Exploring the risks specifically for women
Symptoms of high blood pressure, or hypertension, are often hard to spot as there are no obvious indicators. However, if left untreated, this condition could lead to serious health complications, such as the risk of stroke or heart attack.
It’s a common misconception that hypertension affects men more than women, however, there are a number of points during a woman’s life when the chances of developing high blood pressure increase. For example, when using contraception, during pregnancy and also during the menopause, women can experience changes in their bodies that may lead to hypertension.
Research has found that oral contraceptives can increase blood pressure in some women. This is particularly true if you are overweight or have previously suffered with hypertension. Therefore, women with these risk factors should bear this in mind when considering their contraceptive options.
Some women, who have never previously suffered with hypertension, may develop high blood pressure during pregnancy. Usually occurring after 20 weeks of pregnancy, this is known as gestational hypertension and will often disappear again after delivery of the baby. Doctors need to keep a close check on mothers who experience gestational hypertension as it can pose a risk to both mother and baby. For peace of mind mothers can also keep track of their own blood pressure at home with an easy to use wrist or arm monitor.
Levels of the female hormone oestrogen drop significantly during the menopause, which causes the heart and blood vessels to become less elastic. These changes can lead to a rise in blood pressure, which in turn can put added strain on the heart.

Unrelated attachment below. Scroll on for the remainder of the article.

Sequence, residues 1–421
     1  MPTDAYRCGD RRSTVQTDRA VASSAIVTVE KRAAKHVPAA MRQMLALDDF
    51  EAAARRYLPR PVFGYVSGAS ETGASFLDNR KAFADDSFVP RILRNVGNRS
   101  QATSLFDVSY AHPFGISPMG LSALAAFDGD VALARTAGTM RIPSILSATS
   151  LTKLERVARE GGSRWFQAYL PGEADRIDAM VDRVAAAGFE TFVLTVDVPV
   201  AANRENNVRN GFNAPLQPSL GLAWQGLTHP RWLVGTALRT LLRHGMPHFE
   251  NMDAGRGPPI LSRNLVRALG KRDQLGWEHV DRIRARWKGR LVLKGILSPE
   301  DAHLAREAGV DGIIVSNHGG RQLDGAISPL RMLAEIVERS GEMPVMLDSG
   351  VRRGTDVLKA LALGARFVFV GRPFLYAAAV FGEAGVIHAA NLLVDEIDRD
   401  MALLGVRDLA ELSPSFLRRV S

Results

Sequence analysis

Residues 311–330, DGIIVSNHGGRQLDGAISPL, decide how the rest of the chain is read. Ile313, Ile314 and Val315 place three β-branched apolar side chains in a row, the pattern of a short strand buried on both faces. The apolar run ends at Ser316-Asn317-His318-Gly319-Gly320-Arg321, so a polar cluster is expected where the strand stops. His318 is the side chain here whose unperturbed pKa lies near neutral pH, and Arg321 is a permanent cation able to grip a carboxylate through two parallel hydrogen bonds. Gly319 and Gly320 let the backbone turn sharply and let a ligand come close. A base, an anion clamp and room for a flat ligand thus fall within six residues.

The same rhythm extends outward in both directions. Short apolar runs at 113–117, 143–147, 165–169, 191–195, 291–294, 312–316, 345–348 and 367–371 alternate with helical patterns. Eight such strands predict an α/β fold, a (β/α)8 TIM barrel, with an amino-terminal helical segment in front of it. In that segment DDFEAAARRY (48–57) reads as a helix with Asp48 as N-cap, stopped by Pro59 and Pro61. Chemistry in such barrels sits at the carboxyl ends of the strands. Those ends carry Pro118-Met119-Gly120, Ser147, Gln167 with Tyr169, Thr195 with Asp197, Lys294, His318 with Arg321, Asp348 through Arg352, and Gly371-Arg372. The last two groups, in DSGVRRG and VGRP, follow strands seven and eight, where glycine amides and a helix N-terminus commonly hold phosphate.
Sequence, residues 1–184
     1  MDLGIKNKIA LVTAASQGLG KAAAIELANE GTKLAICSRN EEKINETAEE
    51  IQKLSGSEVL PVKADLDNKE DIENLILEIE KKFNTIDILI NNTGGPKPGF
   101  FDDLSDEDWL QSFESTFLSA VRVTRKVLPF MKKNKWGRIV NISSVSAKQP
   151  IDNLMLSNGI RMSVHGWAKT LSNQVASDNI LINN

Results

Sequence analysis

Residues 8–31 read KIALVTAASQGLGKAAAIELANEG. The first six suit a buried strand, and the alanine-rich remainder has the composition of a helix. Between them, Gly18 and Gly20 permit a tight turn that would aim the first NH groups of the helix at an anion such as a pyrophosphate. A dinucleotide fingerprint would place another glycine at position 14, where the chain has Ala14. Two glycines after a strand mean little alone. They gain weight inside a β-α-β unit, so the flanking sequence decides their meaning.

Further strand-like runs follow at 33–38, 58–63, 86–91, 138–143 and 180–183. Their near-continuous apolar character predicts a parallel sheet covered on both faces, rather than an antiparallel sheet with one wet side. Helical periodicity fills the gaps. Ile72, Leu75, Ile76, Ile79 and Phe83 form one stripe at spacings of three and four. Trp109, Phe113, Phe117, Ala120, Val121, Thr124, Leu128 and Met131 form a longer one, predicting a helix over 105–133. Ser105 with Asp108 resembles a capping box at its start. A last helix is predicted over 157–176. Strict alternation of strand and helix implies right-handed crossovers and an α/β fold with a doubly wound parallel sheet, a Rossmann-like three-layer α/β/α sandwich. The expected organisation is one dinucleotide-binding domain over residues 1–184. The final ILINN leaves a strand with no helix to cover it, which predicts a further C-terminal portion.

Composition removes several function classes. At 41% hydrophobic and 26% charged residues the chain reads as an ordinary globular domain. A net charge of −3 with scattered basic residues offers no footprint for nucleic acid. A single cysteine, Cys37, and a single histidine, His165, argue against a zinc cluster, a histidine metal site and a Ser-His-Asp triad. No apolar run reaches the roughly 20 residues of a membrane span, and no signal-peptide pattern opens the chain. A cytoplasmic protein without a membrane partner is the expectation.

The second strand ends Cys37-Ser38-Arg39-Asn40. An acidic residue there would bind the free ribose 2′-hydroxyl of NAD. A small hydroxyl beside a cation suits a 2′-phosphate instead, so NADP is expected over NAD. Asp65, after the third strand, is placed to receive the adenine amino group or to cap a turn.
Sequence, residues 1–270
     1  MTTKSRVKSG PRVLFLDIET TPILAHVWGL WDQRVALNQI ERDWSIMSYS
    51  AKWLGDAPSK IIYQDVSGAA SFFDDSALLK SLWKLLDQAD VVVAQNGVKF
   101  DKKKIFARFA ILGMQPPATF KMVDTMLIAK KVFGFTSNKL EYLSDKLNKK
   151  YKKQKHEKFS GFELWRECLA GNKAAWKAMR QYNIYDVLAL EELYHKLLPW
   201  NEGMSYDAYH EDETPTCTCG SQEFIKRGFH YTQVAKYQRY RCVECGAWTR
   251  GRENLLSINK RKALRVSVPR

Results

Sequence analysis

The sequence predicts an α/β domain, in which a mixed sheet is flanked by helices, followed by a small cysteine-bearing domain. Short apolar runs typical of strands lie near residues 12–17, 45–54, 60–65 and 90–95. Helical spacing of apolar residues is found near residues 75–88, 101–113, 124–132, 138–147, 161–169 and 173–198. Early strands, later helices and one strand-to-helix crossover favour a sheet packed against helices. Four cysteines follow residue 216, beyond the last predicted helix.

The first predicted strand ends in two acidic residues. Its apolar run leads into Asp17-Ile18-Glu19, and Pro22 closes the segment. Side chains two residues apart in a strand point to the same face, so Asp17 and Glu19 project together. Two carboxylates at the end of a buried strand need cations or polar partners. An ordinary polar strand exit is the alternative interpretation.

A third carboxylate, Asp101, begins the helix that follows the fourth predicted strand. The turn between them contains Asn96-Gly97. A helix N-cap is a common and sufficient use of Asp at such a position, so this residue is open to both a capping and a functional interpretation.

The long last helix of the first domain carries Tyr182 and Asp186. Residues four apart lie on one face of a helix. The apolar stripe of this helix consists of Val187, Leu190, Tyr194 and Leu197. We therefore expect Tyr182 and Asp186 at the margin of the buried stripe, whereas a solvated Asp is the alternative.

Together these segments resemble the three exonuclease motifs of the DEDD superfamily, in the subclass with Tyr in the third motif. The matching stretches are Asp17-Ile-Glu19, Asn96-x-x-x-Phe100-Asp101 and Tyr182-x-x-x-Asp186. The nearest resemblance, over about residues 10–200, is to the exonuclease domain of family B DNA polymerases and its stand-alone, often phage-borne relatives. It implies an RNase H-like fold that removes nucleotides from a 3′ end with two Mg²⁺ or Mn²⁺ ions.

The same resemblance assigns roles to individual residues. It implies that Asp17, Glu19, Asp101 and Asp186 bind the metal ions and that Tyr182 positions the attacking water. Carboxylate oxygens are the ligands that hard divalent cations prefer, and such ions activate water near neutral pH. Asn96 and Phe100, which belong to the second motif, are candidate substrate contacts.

The only real way to know if you have high blood pressure is through regular checks both at home with an easy to use blood pressure monitor or during routine GP appointments. However, women should not feel powerless as there are a number of things that can be done to help prevent or to lower blood pressure.
1. Regular Exercise
Although people with high blood pressure should be careful not to do exercise that is too intense, with the advice of their doctor it can be beneficial to try to do moderate exercise every day. The British Heart Foundation advises people to take small steps to build up to about 150 minutes of exercise per week. Why not try something new and manageable such as power walking? Faya Nilsson of FitnessOnToast says that power walks enable the rich circulation of oxygen through the body as you exercise the cardiovascular system.
Aim for a healthy and balanced diet rich in fruit and vegetables. Ensure you are getting a good variety of foods and the right proportions of each of the different food groups. Limit treats high in sugar and fat and if you want a quick and easy snack, why not try crunchy apple crisps, a delicious banana and berry smoothie or creamy avocado dip?
3. Healthy weight
The chemicals your body produces in response to stress can speed up your heart rate, in turn tightening the blood vessels. Take time out to relax each day with some gentle exercise or meditation, and try to avoid letting things build up to keep your blood pressure stable.
Sleep is the body’s natural way of reducing excess stress hormones so a lack of sleep can have similar effects on blood pressure as stress. Ensuring you get plenty of uninterrupted sleep each night is key to helping keep hypertension at bay. Practice a good bedtime routine and take steps to make your bedroom a haven for sleep.
Although there may be points during the different stages of a woman’s life that can trigger hypertension, women can feel empowered to take positive action. Regular monitoring along with some simple lifestyle changes and guidance from the GP will allow women to effectively manage their blood pressure. Eating well, getting moving and staying relaxed will help you not only feel lead to a happier and healthier life in the immediate but you’ll also benefit from the positive effects on your long-term health.